TAVI Mortality Higher vs SAVR in Intermediate-Risk Patients: GARY Registry

Larry Hand

November 14, 2016

NEW ORLEANS, LA — Among intermediate-surgical-risk patients with aortic stenosis in a German registry, adjusted mortality at 1 year was significantly higher for those undergoing transcatheter aortic valve implantation (TAVI) compared to surgical aortic-valve replacement (SAVR), in a study presented here at the American Heart Association (AHA) 2016 Scientific Sessions[1].

Still, "patients can undergo TAVI in a real-world scenario with a relatively low in-hospital mortality risk below 4%," Dr Nicholas Werner (Klinikum Ludwigshafen, Germany) told heartwire from Medscape.

Werner and colleagues analyzed data from the German Aortic Valve Registry (GARY) on almost 6000 patients who underwent TAVI (n=4101) or SAVR (n=1896) at 89 sites between 2011 and 2013. TAVI patients were older and more likely to be female and have higher risk scores.

Dr Nicholas Werner

Strong predictors of a TAVI procedure included older age (81.8 vs 75.9 years), previous cardiac decompensation, and moderate to severe regurgitation.

The performance of TAVI varied considerably among sites, from 0% to 100%.

Unadjusted mortality rates at 1-year came to 16.6% for TAVI and 8.9% for SAVR (P<0.001). After propensity score analysis, mortality rates were 15.5% for TAVI and 10.9% for SAVR, a difference of 4.6% (P=0.002).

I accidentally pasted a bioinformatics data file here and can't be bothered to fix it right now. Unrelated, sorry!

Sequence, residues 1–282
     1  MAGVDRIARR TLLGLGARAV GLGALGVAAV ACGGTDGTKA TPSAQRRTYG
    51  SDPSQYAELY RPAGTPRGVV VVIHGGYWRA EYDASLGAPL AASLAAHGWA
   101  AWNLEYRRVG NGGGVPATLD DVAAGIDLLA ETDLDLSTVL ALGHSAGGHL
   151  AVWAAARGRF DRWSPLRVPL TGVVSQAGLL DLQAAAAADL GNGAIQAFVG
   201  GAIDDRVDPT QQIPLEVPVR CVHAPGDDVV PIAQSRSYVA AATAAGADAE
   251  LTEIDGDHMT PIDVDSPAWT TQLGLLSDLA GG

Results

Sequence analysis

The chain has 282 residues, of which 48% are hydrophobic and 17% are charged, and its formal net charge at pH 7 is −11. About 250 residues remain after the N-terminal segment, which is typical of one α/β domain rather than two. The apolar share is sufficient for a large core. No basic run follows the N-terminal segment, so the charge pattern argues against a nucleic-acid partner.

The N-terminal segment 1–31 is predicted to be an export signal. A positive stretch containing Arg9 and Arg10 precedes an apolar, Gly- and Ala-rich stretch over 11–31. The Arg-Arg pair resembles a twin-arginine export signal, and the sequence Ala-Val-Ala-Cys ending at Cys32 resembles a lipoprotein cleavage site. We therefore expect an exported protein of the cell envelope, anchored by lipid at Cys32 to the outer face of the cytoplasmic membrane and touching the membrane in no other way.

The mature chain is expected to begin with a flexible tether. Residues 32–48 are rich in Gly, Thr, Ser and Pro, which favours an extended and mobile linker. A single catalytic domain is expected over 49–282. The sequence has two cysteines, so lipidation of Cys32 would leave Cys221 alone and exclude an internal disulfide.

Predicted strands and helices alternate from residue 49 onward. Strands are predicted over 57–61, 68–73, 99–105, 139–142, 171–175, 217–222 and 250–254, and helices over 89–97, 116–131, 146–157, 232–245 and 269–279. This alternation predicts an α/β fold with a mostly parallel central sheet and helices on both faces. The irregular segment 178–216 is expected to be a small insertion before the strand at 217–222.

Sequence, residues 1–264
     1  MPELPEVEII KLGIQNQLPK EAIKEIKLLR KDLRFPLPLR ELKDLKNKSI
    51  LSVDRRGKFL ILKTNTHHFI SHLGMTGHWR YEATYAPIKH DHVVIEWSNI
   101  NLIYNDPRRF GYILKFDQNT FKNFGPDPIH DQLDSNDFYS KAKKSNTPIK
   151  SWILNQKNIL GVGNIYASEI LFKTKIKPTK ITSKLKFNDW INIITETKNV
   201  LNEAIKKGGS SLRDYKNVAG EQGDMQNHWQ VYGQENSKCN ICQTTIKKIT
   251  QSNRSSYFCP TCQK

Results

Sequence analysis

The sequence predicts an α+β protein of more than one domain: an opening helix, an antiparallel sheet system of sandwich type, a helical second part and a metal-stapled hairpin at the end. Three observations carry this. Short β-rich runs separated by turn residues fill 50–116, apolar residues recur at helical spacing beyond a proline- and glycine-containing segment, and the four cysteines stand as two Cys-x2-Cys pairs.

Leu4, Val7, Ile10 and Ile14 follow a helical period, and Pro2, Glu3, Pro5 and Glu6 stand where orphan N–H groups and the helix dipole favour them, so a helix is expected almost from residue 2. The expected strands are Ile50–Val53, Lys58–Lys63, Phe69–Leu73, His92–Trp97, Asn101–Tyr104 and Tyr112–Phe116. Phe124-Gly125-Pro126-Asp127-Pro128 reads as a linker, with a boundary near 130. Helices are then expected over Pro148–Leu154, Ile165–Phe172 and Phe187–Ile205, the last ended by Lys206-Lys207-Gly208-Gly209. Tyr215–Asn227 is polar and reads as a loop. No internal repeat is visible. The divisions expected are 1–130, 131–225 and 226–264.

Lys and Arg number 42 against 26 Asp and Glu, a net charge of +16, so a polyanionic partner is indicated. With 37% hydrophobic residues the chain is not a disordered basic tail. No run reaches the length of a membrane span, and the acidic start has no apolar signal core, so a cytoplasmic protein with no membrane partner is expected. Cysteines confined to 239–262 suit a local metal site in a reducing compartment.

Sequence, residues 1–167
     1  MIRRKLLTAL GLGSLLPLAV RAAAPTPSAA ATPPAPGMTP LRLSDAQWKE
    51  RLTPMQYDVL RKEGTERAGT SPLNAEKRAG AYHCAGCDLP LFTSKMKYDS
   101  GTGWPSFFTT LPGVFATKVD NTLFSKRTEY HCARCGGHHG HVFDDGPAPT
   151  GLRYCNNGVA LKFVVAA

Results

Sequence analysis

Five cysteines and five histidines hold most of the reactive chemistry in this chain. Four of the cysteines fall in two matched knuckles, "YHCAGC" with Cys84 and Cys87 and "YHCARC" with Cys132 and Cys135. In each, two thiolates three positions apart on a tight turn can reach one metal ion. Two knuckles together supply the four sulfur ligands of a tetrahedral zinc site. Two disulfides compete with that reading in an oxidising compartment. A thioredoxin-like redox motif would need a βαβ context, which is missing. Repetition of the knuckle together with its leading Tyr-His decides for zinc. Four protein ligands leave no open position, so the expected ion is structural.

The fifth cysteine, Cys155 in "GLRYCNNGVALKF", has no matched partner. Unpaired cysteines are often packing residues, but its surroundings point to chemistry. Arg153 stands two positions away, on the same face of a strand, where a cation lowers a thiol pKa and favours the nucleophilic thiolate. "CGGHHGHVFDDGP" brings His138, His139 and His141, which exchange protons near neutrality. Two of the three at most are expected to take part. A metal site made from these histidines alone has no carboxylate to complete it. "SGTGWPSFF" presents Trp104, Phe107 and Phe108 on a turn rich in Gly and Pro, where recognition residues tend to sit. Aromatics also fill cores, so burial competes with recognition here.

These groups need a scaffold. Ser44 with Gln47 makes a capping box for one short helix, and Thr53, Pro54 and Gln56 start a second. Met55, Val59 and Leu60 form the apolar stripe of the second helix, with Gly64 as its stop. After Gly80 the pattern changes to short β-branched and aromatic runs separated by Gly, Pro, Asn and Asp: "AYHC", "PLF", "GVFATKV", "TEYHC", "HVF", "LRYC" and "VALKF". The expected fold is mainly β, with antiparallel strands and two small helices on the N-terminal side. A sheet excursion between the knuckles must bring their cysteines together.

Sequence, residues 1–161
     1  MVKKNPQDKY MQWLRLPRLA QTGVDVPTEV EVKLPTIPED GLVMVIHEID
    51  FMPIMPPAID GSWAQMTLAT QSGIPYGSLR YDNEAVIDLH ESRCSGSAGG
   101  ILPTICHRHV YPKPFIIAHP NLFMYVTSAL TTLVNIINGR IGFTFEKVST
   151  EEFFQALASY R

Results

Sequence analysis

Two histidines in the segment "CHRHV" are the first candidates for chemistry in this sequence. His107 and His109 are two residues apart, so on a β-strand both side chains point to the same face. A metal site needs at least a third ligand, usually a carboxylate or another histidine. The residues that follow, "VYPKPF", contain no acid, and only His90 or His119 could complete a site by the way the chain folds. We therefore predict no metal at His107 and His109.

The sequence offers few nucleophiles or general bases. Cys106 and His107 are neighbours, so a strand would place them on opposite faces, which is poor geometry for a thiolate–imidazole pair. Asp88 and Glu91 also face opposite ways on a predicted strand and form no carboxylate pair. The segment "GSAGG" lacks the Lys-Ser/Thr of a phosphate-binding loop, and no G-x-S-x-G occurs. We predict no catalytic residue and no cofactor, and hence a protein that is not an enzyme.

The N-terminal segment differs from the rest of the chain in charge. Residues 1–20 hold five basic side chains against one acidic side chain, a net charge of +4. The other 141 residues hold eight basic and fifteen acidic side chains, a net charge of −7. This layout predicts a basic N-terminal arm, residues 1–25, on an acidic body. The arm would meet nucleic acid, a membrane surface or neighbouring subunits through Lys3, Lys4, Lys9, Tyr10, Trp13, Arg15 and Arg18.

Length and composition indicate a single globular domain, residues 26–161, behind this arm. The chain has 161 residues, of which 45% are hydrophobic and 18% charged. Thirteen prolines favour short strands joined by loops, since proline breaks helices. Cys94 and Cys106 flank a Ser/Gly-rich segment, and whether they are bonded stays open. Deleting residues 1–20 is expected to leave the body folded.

When researchers compared mortality rates for transfemoral TAVI only and SAVR, the rates were 14.3% and 10.8%, respectively (P=0.021).

"Results from the propensity analysis show that TAVI patients have a persistently higher mortality rate at 1-year follow-up compared with the surgical group, but we're dealing with two very heterogeneous populations," Werner told heartwire . "We have to be very careful interpreting the data. In our opinion, the difference still persisting after propensity score analysis is most likely caused by additional confounders we were not able to adjust."

Dr Craig Smith

Werner was unsure of the generalizability of the data. "We started very early in Germany with the TAVI program. A high number of TAVI procedures were performed, so I’m not sure how you can apply our information to other countries," he cautioned.

Dr Craig Smith (Columbia University, New York), discussant at the presentation, said, "The overall risk here was lower than in PARTNER II, especially in the surgical group, so it's hard to make comparisons. There was excellent mortality in both groups,and the stroke rate was similar to PARTNER II."

The stroke rate in this study was 1.5% for TAVI and 1.3% for SAVR.

"The site-dependent effects are potentially very confounding," he said. "One of the things they did to try to correct for that was a propensity analysis. I think the propensity scoring they used was the best way to attempt to do that."

GARY is supported by the German Cardiac Society, German Society for Thoracic and Cardiovascular Surgery, and German Heart Foundation. Werner and Smith did not reported any relevant financial relationships.

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